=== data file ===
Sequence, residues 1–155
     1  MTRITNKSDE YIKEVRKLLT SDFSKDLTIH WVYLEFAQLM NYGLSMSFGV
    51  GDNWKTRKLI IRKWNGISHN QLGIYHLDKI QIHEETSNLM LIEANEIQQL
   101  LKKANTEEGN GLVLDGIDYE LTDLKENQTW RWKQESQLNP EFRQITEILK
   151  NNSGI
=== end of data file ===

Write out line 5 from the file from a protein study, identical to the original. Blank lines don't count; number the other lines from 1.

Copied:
   151  NNSGI